Vincent Gaglione
2 months ago

I wrote the following comment on the NY Times website in response to Mr. Douthat's Sunday column, and excerpt from his book, entitled by NY Times editors as some thing to the effect that everyone loves Pope Francis but his papacy is a disaster:

"The doctrinal, theological, disciplinary, and even political disputes of the Catholic Church have existed for its entirety. Francis proclaims the salvation that Christ accomplished and wants everyone to be in full communion around that central belief. All the rest has indeed evolved, changed, in some rare circumstances even reversed itself in the course of the church’s history. Mr. Douthat makes an easy “dime” exploiting the current variations on the themes."

On the subject of the reception of communion, the discipline of the Church on its reception has swung wildly, so to speak, during its history. My own perception is that Christ did not put any conditions, such as only the righteous or only those who haven't eaten for the past 12 hours or only those who are not divorced and remarried, on its reception when He said "take and eat." I may not be theologically or even doctrinally correct but I perceive Christ as having challenged ritualistic prescriptions and offered Himself for all, especially to and for the sinners.

Lisa Weber
2 months ago

Vincent Gaglione - Thank you for a thoughtful, positive commentary.

Wilfreda Gonzalez
2 months ago

Thank you Fr Rausch for an excellent article.

This needs to be repeated from the pulpit by all priests at Sunday liturgies until people take it to heart:

“...does not call it a communion of pastors and faithful but treats it as a political body of bishops, constantly juxtaposing "liberals" and "conservatives," progressive factions and traditionalist cardinals”

Douthat is not alone. All corporate owned “news media outlets” clobber readers with the same drumming.

At home we unplugged from all secular websites and email for Lent. We deleted social media accounts years ago. What a difference it has made to not be violated day after day with such diabolical machinations. Only in the USA do people label each other as liberals vs conservatives. Few people in Latin America even care to explore such thoughts. They are more focused on food, jobs, homes and being happy.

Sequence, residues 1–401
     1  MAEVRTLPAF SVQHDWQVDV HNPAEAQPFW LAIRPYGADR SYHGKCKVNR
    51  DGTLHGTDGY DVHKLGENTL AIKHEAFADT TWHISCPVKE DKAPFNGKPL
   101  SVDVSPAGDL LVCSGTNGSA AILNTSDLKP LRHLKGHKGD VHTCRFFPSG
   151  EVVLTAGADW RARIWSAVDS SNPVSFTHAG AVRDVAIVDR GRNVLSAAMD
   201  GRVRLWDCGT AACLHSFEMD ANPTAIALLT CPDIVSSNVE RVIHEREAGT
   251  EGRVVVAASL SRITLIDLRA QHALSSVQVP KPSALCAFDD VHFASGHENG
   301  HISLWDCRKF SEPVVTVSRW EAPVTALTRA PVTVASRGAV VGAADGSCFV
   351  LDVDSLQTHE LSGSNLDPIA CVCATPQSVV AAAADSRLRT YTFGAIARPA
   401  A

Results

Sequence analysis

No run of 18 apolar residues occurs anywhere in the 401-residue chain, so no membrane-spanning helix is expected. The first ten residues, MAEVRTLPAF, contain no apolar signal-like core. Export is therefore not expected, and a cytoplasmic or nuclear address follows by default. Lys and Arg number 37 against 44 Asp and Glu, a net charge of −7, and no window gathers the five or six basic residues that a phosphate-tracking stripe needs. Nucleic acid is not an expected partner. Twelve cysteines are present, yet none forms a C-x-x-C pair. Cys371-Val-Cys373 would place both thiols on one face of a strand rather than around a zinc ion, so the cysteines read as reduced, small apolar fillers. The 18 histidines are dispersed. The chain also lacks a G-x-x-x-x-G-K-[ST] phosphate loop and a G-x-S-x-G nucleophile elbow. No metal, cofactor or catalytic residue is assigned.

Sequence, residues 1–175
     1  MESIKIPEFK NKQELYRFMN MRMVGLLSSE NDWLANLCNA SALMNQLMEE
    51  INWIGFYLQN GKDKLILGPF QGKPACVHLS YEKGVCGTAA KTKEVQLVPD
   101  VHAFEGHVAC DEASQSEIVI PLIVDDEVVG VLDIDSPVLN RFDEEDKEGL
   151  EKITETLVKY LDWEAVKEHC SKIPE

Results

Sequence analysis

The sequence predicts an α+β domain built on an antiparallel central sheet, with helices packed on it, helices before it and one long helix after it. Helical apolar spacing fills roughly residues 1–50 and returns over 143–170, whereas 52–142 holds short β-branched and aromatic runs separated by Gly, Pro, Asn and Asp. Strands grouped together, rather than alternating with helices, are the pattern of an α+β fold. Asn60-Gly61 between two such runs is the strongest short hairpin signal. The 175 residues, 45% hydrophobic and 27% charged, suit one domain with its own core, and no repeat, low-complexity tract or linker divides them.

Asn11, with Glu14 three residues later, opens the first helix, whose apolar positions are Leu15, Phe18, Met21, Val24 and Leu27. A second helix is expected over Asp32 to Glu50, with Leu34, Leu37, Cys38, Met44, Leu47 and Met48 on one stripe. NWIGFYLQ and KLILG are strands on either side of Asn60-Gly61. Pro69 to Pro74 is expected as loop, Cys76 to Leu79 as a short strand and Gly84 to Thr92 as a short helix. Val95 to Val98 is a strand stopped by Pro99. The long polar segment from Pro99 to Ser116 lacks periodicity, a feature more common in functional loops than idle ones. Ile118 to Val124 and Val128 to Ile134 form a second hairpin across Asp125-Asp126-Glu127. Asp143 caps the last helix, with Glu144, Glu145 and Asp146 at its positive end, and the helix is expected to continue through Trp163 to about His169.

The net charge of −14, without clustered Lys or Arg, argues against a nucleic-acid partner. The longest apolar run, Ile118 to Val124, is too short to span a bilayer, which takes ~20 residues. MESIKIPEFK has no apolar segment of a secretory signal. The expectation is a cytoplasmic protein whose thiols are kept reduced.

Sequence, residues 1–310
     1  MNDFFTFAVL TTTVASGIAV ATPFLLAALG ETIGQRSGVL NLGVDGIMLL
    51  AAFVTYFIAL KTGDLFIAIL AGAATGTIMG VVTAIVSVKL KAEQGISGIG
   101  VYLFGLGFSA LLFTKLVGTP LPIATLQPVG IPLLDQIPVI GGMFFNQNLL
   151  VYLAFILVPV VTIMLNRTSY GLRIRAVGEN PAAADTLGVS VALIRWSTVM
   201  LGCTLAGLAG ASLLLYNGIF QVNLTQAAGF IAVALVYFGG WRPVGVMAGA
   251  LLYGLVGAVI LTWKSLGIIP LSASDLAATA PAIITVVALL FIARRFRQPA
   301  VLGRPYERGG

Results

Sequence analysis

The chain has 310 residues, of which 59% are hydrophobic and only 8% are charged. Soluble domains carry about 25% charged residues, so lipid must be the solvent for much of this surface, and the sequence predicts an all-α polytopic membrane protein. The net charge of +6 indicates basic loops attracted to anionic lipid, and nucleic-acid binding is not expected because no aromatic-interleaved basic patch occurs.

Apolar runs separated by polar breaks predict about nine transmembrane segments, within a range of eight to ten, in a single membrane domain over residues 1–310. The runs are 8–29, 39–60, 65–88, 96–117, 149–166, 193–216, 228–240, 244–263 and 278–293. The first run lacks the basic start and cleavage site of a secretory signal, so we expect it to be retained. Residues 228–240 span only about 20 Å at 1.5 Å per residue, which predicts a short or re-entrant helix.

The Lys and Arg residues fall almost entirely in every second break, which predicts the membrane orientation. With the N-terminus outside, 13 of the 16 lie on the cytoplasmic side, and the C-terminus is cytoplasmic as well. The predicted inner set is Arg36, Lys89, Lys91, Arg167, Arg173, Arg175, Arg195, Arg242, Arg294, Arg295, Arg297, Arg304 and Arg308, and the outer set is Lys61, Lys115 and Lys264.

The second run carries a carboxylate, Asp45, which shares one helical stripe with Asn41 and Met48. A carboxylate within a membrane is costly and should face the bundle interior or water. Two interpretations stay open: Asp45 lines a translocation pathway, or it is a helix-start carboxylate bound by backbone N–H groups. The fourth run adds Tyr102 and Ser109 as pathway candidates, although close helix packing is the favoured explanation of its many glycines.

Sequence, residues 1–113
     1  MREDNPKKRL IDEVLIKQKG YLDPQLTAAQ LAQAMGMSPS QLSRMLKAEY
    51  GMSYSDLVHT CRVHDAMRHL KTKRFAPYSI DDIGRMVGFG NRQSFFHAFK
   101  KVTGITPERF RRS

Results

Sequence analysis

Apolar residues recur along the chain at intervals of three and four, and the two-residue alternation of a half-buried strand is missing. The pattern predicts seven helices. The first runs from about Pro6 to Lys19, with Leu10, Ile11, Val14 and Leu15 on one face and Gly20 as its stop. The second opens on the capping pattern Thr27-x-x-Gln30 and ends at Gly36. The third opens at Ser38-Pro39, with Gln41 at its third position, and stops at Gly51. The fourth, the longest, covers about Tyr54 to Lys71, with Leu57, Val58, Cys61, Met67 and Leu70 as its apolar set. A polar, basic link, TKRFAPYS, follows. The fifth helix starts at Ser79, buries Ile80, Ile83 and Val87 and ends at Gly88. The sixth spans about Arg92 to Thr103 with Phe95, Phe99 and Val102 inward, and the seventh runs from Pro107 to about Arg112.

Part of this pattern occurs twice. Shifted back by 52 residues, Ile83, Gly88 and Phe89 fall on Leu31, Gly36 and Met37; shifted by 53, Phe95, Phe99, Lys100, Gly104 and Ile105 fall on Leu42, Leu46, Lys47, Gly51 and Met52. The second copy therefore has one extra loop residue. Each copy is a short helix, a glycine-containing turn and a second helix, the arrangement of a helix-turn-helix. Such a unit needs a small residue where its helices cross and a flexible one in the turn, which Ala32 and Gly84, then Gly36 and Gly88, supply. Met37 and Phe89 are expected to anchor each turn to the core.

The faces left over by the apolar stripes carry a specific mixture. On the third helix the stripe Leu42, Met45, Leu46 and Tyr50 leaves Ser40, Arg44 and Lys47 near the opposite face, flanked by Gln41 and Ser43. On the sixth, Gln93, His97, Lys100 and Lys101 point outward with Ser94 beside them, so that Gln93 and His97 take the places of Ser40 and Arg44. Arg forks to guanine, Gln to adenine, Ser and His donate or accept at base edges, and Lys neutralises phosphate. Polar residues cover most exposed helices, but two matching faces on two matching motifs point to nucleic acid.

America has fallen into a dark place. The internet is today’s modern Roman Coliseum with bludgeoning of the other done whimsically, while others “cheer”, “tweet”, “like” and go “viral”.

Jesus Christ invited us to Communion, not separating us from each other.
It is long overdue: let down your poisonous keyboard and rage. Love is the better way

Richard Murray
2 months ago

Fr. Rausch could have been far more critical of Douthat’s serio-comical screed. For example, when Ross compares himself to Graham Greene. Wow.

But here is a far worse sin of Douthat: Comparing Pope Francis with Trump?! Is Douthat a journalist or an twisted comedian?

Michael Sean Winters at NCR has a far more accurate, and devastating, appraisal of Douthat’s idiotic book.

Recently, priest and theologians James Martin, Austen Ivereigh, and Massimo Faggioli have lined up, like good little boys, to sit with Douthat on stage. I have no idea why. My estimation of these three men of the Church has fallen for doing so. When Ross Douthat’s credibility was gone, you gave him an opportunity to promote himself. And he just tried to stab the Church and our Pope in the back. Well done, guys.
Dialogue is one thing. Pandering to the enemy is another.

Douthat is part of the small, nasty onslaught that is trying to split the Church. He and his bosses are trying to make a schism where there is none. We need more people like Michael Sean Winters to identify this clownish infiltrator – Douthat – for what he is: An enemy of the Church.